LONDON (AFP) - Uber on Tuesday (March 16) said it is granting its UK drivers worker status, with benefits including a minimum wage - a world first for the US ride-hailing giant.
Weeks after a top court ruling that could shake up Britain's wider "gig economy" of 5.5 million people, Uber said its drivers would also get holiday pay and a pension.
It is a massive change in the business model of a company that had argued before Britain's Supreme Court that its drivers were self-employed.
From Wednesday, "more than 70,000 drivers in the UK will be treated as workers, earning at least the national living wage when driving with Uber," the taxi app said in a statement.
"This is a floor and not a ceiling, with drivers able to earn more."
The court ruled last month that Uber's drivers are entitled to worker's rights.
The decision capped a protracted legal battle between UK drivers and the Silicon Valley taxi and delivery company.
Uber said its action over workers' rights "means drivers will earn with greater security, helping them to plan for their futures while maintaining the flexibility that is integral to the private-hire industry."
The higher costs for Uber come as it faces sliding driver bookings owing to the Covid-19 pandemic, despite strong demand for the Uber Eats food delivery service during national lockdowns.
Uber did not expect the change in driver compensation to affect its net income this year, the company said in a US regulatory filing.
"We've come to recognise that platforms like ours will work differently in different countries," Uber chief executive Dara Khosrowshahi said in an editorial published in the Evening Standard.
"The future of work is too big of an issue for a one-size-fits-all solution, and that's OK."
Khosrowshahi has argued for a new third option, to avoid drivers being classified as either employees or independent contractors.
The British ruling follows California's top court last month refusing to consider a legal bid to nullify a referendum passed by voters that lets "gig workers" like Uber be treated as contractors.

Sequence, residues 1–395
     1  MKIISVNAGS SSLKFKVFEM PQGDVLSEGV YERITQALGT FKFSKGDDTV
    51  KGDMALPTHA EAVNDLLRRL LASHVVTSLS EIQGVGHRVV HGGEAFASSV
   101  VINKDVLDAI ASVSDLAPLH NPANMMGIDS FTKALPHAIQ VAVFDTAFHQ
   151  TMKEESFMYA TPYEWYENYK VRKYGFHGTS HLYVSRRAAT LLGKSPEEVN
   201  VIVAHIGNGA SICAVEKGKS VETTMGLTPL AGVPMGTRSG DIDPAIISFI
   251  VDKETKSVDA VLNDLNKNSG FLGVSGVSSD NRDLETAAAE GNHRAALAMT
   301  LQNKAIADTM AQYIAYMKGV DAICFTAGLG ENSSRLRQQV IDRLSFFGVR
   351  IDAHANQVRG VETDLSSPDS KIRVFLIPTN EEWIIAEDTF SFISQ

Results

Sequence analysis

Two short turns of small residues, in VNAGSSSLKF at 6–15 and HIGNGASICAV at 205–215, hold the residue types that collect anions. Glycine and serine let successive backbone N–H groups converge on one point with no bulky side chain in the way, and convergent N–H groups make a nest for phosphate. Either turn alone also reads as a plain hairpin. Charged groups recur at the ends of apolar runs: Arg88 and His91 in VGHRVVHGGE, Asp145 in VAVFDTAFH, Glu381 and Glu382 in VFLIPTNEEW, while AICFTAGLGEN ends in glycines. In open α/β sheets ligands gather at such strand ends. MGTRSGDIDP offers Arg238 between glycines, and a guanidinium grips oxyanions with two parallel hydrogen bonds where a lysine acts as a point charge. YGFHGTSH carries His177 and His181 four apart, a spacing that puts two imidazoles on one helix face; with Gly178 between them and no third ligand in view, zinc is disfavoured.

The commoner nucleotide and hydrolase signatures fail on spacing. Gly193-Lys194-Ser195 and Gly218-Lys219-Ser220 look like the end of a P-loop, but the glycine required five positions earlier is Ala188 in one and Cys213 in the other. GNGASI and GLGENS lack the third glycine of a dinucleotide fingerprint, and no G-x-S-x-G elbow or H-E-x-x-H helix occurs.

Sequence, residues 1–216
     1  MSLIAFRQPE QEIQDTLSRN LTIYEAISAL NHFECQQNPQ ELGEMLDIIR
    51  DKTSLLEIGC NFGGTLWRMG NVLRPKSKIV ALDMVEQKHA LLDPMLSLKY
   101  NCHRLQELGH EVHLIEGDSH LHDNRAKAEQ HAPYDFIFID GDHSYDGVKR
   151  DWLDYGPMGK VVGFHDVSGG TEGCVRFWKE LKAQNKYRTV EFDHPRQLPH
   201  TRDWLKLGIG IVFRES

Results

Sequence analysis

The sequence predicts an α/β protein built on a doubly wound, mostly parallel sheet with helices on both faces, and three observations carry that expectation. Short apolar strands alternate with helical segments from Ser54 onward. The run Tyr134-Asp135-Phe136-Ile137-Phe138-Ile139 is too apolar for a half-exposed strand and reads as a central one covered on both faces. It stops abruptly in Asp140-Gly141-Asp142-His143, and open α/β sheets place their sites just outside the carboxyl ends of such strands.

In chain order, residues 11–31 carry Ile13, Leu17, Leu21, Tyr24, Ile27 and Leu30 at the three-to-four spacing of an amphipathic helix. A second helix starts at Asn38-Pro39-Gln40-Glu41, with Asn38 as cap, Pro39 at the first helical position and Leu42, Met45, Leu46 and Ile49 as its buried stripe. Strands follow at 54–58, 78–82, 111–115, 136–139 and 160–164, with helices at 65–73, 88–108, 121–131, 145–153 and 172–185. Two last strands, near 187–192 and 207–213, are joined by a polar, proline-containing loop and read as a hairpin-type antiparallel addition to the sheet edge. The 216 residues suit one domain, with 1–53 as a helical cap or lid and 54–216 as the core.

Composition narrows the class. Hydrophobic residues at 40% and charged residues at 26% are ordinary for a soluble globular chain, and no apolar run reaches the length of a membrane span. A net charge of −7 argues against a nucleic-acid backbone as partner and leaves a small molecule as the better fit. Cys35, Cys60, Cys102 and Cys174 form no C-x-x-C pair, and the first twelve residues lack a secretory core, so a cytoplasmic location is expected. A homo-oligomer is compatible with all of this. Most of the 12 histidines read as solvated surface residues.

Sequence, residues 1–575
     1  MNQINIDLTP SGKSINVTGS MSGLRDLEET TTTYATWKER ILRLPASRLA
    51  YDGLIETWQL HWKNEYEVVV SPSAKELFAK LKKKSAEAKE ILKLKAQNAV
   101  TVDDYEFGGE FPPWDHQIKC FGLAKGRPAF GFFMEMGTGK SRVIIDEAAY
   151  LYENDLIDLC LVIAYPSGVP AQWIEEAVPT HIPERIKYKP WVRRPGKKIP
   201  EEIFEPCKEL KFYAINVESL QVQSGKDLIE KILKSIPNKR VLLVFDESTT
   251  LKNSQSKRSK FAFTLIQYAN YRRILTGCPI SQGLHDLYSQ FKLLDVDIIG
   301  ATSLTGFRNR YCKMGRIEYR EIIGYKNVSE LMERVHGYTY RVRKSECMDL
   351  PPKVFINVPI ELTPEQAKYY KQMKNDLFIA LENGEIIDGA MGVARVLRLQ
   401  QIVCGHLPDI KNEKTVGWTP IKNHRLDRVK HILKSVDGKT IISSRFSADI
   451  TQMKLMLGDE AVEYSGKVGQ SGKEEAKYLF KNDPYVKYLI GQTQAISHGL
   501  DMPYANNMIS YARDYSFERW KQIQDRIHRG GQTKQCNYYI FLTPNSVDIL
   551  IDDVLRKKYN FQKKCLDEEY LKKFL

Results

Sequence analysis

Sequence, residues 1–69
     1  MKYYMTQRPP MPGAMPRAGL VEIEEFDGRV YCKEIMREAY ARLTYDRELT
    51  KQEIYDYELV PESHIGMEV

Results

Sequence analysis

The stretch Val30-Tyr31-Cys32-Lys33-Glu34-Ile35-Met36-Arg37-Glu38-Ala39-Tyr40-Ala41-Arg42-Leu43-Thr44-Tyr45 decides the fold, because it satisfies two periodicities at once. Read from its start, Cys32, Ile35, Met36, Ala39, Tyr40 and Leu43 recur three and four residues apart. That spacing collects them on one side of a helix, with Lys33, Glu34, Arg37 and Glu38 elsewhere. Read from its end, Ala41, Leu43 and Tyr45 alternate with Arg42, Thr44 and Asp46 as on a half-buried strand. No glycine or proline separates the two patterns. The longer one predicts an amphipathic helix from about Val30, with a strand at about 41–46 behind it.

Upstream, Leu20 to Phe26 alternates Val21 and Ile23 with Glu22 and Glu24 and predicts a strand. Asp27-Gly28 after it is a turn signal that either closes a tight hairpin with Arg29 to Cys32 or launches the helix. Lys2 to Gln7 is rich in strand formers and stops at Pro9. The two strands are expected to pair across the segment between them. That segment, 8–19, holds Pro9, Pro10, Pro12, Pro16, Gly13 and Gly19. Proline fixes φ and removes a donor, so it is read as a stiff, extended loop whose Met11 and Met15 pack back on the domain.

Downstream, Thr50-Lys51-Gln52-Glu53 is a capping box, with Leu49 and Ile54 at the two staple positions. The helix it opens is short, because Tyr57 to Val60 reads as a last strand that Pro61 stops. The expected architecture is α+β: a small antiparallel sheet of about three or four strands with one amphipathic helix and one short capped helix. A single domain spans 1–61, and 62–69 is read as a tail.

Drivers for ride-share and meal delivery apps filed the lawsuit directly to the California State Supreme Court in January to derail voter-endorsed labour legislation known as Proposition 22.
Proposition 22 - passed in November and heavily backed by Uber, Lyft and other app-based, on-demand delivery services - effectively overturned a state law requiring them to reclassify their drivers and provide employee benefits.
The November vote came after a contentious campaign with labour groups claiming the initiative would erode worker rights and benefits, and with backers arguing for a new, flexible economic model.
The victory for the "gig economy" in California has ignited fears that big business is rewriting labour laws.
Under the proposition, drivers remain independent contractors but Uber and Lyft are to pay them a number of benefits including a minimum wage, a contribution to healthcare and other forms of insurance. Critics of the measure said it failed to take into account the full costs borne by drivers.
In a first for the European Union, Spain's government earlier this month announced a deal that will recognise riders working for food delivery firms such as Deliveroo and Uber Eats as salaried staff following complaints about their working conditions.
In Italy, prosecutors have told Uber Eats and other food delivery platforms their couriers were employees and not independent workers, fining them 733 million euros for breach of labour safety rules.